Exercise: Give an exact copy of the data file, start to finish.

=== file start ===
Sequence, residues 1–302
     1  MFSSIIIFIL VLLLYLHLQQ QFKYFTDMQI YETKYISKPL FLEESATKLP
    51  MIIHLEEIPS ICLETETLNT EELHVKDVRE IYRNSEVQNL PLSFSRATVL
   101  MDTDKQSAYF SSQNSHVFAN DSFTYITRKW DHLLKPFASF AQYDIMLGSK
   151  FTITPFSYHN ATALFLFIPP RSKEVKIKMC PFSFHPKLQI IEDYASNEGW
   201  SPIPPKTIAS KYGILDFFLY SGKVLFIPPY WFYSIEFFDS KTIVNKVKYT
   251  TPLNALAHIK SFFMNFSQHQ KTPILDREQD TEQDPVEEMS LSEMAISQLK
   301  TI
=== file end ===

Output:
Sequence, residues 1–302
     1  MFSSIIIFIL VLLLYLHLQQ QFKYFTDMQI YETKYISKPL FLEESATKLP
    51  MIIHLEEIPS ICLETETLNT EELHVKDVRE IYRNSEVQNL PLSFSRATVL
   101  MDTDKQSAYF SSQNSHVFAN DSFTYITRKW DHLLKPFASF AQYDIMLGSK
   151  FTITPFSYHN ATALFLFIPP RSKEVKIKMC PFSFHPKLQI IEDYASNEGW
   201  SPIPPKTIAS KYGILDFFLY SGKVLFIPPY WFYSIEFFDS KTIVNKVKYT
   251  TPLNALAHIK SFFMNFSQHQ KTPILDREQD TEQDPVEEMS LSEMAISQLK
   301  TI